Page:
Pheasants Forever
Photo credit: Adam Fichna

Upland Birds Are Disappearing, But a $500 Million Campaign Aims to Change That

In the wake of devastating losses in bird population and habitat, the 2021 national campaign from Pheasants Forever and Quail Forever focuses on funds for educating hunters, restoring habitat, and protecting public lands.

Across the nation, birds are in trouble. In 2019, a comprehensive national assessment published in Science found that the U.S. lost nearly 3 billion breeding adult birds. This is certainly not limited to upland bird populations, but birds beloved by the hunting community continue to disappear at staggering rates.

Habitat is at the heart of the issue. For example, since 2009, 53 million acres of grasslands have been lost to development. And out of 90 million acres of historic longleaf pine habitat in the American South, just 3 million acres remain.

Pheasants Forever and Quail Forever intend to make a dent in the losses with their new Call of the Uplands campaign, announced on Feb. 25.

The Plight of North American Birds

Quail Forever
Gambel’s Quail singing on a branch at Bosque del Apache Wildlife Refuge, N.M.; photo credit: Michael Dobes

Human-altered landscapes are simply not supporting wildlife. And because of this, in less than a single human lifetime, the U.S. bird population has declined by nearly 30%.

Birds loved by upland hunters are also in serious trouble. The iconic bobwhite quail of the American South has declined 83% in population since 1966. The non-native pheasant population declined by 27%. And grassland birds in general experienced a 53% loss in population.

But conservation efforts have brought troubled avian populations back from the brink before. Many raptors — including the incredible effort to save bald eagles — are experiencing thriving numbers thanks to the Endangered Species Act and the outlawing of DDT use.

And waterfowl and wild turkeys have seen huge increases in population. This is in no small part due to conservation efforts spurred by hunting-focused groups, like the wildly successful Federal Duck Stamp.

Pheasants Forever and Quail Forever are a longtime part of the conservation effort to create successful habitat for upland birds. Since 1982, 15.8 million acres of quality pheasant habitat have been created or restored thanks to the organizations, and 187,000 acres have been permanently protected and opened up to upland hunters. Their 149,000 members complete more than 15,000 habitat-focused projects annually.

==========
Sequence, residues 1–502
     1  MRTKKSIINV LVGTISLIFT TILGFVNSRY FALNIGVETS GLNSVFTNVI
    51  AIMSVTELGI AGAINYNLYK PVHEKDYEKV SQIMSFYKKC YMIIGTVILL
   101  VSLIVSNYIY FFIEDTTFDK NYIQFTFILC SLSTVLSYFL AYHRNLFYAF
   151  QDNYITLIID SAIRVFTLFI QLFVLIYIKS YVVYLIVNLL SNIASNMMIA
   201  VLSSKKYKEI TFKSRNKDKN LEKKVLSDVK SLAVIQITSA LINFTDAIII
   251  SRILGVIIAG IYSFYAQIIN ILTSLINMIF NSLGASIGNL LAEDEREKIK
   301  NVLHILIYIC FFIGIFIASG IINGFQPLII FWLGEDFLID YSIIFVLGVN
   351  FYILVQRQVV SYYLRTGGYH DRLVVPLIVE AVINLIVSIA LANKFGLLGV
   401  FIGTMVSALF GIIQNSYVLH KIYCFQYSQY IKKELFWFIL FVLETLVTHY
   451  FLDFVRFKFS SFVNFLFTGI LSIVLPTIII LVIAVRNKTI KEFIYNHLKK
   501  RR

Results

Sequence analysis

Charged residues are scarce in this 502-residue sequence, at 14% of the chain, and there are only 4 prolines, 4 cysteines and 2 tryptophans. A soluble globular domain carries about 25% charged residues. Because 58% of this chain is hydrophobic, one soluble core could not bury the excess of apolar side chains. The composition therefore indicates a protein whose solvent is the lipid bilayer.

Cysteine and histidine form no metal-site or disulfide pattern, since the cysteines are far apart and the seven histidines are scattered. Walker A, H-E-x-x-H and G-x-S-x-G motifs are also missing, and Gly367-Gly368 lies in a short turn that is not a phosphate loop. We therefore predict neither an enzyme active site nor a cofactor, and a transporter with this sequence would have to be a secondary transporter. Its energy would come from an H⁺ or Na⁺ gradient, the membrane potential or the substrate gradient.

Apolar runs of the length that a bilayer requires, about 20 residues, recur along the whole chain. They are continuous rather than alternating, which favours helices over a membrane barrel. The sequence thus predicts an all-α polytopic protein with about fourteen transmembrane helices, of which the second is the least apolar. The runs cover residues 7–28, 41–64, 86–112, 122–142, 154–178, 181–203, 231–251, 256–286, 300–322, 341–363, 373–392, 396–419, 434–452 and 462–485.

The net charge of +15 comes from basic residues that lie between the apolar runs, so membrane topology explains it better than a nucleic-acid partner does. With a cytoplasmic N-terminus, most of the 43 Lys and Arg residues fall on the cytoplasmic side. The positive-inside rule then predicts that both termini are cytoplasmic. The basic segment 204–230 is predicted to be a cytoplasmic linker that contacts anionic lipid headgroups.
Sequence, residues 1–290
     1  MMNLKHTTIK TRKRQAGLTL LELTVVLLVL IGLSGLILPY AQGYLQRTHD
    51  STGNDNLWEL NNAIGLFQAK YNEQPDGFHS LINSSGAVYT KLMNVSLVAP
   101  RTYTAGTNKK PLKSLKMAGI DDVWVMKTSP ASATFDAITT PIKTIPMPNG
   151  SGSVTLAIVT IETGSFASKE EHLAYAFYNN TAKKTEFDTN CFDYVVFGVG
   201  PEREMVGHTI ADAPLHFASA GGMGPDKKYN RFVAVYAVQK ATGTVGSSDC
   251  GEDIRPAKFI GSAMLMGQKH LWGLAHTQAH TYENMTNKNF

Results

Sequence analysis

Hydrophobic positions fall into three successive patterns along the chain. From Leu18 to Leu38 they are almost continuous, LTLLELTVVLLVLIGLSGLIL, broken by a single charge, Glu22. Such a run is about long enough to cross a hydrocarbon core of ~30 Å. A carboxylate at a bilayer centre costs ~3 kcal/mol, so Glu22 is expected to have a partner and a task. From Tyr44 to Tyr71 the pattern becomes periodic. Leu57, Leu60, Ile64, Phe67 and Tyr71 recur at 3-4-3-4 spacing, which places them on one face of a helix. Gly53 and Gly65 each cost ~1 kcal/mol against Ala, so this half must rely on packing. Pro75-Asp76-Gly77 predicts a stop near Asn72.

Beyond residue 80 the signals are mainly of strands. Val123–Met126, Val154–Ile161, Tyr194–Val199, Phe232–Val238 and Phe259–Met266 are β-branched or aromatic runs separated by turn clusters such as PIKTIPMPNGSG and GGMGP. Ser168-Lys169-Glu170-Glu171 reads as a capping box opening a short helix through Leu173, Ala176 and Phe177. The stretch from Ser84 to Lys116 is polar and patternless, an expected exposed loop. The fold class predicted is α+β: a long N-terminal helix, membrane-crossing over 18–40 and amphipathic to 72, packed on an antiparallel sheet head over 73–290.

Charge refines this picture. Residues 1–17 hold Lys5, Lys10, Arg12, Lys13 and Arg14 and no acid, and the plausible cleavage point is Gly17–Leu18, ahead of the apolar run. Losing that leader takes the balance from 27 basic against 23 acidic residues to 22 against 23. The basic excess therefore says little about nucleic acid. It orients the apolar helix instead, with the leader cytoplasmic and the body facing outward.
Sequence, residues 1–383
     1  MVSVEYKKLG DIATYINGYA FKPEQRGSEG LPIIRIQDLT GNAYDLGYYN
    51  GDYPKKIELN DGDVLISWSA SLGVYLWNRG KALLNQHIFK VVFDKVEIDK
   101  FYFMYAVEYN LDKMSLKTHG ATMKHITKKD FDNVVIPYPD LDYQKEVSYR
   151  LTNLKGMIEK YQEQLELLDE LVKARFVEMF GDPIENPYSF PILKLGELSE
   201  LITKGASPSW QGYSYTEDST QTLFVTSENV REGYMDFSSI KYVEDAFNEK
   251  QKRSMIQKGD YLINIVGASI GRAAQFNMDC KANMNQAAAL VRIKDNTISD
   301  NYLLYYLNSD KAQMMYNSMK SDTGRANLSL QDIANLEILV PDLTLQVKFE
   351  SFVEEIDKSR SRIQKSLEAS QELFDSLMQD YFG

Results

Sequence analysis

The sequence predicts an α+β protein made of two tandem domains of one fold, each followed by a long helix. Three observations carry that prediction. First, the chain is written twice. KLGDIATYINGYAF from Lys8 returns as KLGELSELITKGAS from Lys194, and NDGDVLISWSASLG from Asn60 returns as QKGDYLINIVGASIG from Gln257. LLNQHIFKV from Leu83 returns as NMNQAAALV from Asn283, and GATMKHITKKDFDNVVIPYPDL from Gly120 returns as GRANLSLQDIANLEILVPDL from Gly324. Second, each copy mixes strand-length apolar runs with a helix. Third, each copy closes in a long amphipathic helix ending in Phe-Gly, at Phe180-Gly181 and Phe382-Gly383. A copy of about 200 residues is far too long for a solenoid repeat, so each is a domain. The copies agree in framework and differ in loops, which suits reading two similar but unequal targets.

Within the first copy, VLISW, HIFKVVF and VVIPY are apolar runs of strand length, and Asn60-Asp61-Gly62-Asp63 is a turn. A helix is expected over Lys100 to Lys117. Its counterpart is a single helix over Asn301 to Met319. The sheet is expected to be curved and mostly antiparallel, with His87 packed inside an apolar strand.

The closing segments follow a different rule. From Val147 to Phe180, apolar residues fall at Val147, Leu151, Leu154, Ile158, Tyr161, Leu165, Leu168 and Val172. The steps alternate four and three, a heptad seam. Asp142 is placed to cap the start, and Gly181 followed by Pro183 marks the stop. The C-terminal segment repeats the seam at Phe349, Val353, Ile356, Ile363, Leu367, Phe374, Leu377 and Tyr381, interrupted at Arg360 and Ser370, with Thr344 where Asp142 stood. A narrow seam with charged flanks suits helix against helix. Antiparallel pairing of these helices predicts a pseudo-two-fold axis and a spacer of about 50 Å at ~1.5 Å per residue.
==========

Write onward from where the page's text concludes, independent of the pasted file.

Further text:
A $500 Million Campaign to Restore Habitat, Engage Landowners & Hunters

The ambitious effort to raise $500 million is already off to a good start, with major donations from individuals, organizations, and brands, including the National Fish and Wildlife Foundation and Nestle Purina PetCare.

And the plans for the money are as ambitious as the number they intend to raise. Pheasants Forever and Quail Forever plan on creating, restoring, and enhancing 9 million acres of upland bird habitat nationwide. Within that plan are goals to protect vital landscapes, create conservation easements, and use title-fee acquisitions to permanently protect 75,000 acres.

Additionally, the campaign intends to reach 1.5 million people across the U.S. with new and expanded education and outreach programs. These programs will promote habitat education, conservation leadership, and hunting heritage.

“The uplands are some of the most threatened places on the planet, but we still have a chance to reclaim them,” said Howard Vincent, president and CEO of Pheasants Forever and Quail Forever, at the virtual launch.

“And this campaign is about Pheasants Forever and Quail Forever rising to that challenge. Through this campaign, we will join together to conserve the wild prairies, grasslands, and piney woods our favorite birds need and humanity requires.”

You can learn more about the entire campaign here, and the video above details the effort in full.

Nicole Qualtieri

Based in Montana, Nicole Qualtieri is GearJunkie's Hunt + Fish Editor. She also serves as a Board Director for Orion the Hunters Insititute, a non-profit promoting fair chase and hunting ethics nationwide. A DIY hunter, she comes from a non-traditional hunting background and began hunting and fishing in her 30s. She's been a voice for hunting, fishing, and conservation since 2014, when she got started working on the television show MeatEater. She's an avid horsewoman, bird dog aficionado, snowboarder, hiker/backpacker, food nerd, and all-around outdoorswoman. Find her online at @nkqualtieri.